Old School vs. New School Is Hurting Your Marketing; 8 Steps to Fix It
In many organizations, two factions within marketing are grappling over a core question: should their role and plans fundamentally change given the emergence of digital technologies and the multi-channel universe? One team considers social networking merely as another tactic within a larger marketing mix. The other group sees these same technologies as game changers that will redefine the marketer’s role and programs. At issue is the direction of the marketing plan and the funding & resources that enable it — and ultimately the performance of the business. Truth be told, both viewpoints are critical for success and need to be inculcated into daily thinking, practices and planning.
For simplicity sake, we can reduce this battle for marketing’s soul down to two competing stereotypes: Mike is an old-school marketer whose mindset emphasizes control of message and channels, and focuses on traditional research techniques and conventional metrics like customer awareness, acquisition and retention. Managers like Mike are comfortable with a "ready, aim, fire" broadcast model that relies on studio-based agencies to develop creative and push it out through media buys. He recognizes the potential of new technologies but needs to see tangible ROI, proven success stories and strategic fit before committing a substantial amount of his tight budget and time.
At the other end of the spectrum is Lynn, a new-school" marketer in her early thirties. She fully embraces the ubiquity and power of mobile computing, social networking and rich media, because she lives it. Her Millennial-focused strategy looks to engage web-powered, trendy audiences on a 1:1 level wherever they are. Lynn’s digitally-focused tactics look to leverage user-defined content, community-building and sharing. A consummate experimenter, Lynn is challenged determining the ROI of new technologies and getting her programs funded in mature companies.
According to best practice research and our experience, marketing performance will be maximized when both Lynn and Mike’s thinking are part of the whole team’s DNA and practices. The key is to find the right balance between their approaches and get them to work collaboratively.
Advice for Old Schoolers
Open up the creative process: Great ideas and content can come from anywhere. Marketers need to open up their broadcast-content model and consider more of an editorial approach to developing and managing their message in conjunction with customers and influencers. This requires them to adopt new skills like brand story-telling, facilitating and integrating multi-channel conversations and fostering shareability, tailored to each digital platform.
Engage the customer: Millennials and other customer segments can quickly change their buying behaviour (think mobile commerce), habits and beliefs as a result of technological developments. For example, many of these people are using new technology to skip advertisements. Instead, many consumers look to be part of an entertaining, meaningful and authentic conversation where the brand is part of the context and not necessarily the focal point.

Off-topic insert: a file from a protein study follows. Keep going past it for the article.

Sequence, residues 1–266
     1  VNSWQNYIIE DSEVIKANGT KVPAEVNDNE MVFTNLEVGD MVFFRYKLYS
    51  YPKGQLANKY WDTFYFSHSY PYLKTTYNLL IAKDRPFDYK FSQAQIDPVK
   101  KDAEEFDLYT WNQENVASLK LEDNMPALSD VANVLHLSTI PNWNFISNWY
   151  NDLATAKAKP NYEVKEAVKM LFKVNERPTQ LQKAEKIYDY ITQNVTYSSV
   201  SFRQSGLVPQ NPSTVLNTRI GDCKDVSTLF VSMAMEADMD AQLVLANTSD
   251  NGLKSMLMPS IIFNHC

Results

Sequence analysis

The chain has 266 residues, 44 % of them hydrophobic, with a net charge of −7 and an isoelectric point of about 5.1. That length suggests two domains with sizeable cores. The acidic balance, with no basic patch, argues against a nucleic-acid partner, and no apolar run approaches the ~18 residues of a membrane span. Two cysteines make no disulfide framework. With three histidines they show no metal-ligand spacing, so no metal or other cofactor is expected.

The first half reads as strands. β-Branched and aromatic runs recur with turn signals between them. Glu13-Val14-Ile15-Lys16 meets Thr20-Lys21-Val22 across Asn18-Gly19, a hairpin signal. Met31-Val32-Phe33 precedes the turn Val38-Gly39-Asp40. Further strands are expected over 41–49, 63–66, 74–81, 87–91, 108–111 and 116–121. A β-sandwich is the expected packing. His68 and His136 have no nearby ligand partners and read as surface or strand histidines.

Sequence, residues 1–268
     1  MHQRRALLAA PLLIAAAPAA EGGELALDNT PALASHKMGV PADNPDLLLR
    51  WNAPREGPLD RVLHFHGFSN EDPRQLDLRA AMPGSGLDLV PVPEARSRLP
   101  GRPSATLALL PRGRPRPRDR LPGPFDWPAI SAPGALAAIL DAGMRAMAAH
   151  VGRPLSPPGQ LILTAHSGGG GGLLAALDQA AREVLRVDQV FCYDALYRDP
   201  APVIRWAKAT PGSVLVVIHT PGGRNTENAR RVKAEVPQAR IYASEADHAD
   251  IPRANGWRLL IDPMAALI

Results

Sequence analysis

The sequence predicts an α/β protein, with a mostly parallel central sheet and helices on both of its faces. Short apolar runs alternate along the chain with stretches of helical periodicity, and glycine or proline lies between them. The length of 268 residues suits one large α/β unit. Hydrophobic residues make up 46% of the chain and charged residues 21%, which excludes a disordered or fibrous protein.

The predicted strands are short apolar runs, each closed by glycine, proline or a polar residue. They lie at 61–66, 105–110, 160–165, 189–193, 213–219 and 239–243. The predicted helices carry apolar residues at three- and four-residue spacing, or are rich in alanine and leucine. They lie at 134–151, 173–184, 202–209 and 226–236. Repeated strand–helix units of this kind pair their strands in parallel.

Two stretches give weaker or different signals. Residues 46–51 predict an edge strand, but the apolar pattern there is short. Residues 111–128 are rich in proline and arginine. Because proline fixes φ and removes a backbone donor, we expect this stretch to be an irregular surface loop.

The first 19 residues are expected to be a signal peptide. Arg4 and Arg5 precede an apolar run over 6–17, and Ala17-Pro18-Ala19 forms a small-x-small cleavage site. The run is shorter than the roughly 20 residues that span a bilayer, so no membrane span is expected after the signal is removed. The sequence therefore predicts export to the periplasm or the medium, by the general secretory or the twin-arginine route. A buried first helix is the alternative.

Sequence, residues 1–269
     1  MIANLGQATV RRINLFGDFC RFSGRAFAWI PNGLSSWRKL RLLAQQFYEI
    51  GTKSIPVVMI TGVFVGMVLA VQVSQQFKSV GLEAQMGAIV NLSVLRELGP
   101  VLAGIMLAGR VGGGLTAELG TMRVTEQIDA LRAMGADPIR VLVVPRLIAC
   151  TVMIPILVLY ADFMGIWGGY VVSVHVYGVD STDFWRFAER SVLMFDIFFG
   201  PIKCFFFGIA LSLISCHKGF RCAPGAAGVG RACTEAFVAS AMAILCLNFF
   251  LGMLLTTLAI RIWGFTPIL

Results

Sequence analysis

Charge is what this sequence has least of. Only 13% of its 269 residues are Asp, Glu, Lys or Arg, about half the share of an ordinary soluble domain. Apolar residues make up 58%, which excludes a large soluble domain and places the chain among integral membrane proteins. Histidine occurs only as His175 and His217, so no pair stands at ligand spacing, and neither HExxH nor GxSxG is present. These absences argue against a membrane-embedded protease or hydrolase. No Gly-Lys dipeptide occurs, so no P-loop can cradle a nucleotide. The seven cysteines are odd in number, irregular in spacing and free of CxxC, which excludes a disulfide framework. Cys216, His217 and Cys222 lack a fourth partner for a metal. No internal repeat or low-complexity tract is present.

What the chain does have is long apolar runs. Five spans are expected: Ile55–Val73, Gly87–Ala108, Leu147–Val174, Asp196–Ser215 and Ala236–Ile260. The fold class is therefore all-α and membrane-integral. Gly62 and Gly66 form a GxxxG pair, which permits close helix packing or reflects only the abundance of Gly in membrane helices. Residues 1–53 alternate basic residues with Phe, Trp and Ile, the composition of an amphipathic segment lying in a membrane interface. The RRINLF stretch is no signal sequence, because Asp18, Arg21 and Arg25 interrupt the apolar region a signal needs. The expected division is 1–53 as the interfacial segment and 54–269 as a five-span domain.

Embrace speed: The traditional slow and plodding approach to developing and implementing marketing programs is becoming anachronistic. Old schoolers need to figure out ways to get their creative and programs out quicker (even it is not polished), more broadly and tightly integrated across all channels.
Experiment regularly: New technologies and methodologies give marketers an unparalleled ability to quickly and inexpensively test new ads, creative and promotions as well as refine existing programs and websites. Marketers should prioritize continuous improvement initiatives as well as explore breakthrough innovations.
Advice for New Schoolers
Be analytically rigorous: You don’t jettison proper financial and consumer analysis because Facebook offers new functionality or Instagram suddenly takes off. As digital marketing moves beyond the novelty stage, its programs should be expected to demonstrate hurdle-rate ROI and be aligned to the consumer and marketing strategies.
Use the right metrics: Many of the popular digital metrics like re-tweets and Likes cannot be linked to real business results. New schoolers should measure the impact of social sharing by using innovative metrics like ‘positive-neutral-negative’ ratings. These can provide a more accurate picture of program success and word-of-mouth impact and better link to strategic goals.
Consider context: Without a doubt, content is important. Increasingly, brands will also need to take into account the digital context of where they will live and propagate. Marketers need to leverage the right context for consumer conversations and content sharing. Companies like Virgin Mobile and Coca-Cola do a great job of producing interesting content and brand stories tailored for the characteristics of the platform.
Heed the Old Schoolers: Remember that marketing was around long before the Internet. New Schoolers would be wise to study the lessons of pacesetters like Michelin Guides (original content marketers), Harley-Davidson (community cultivators) and Disney theme parks (pioneering experiential marketers).
Mitchell Osak is managing director of Quanta Consulting Inc. Quanta has delivered a variety of strategy and organizational transformation consulting and educational solutions to global Fortune 1,000 organizations. Mitchell can be reached at firstname.lastname@example.org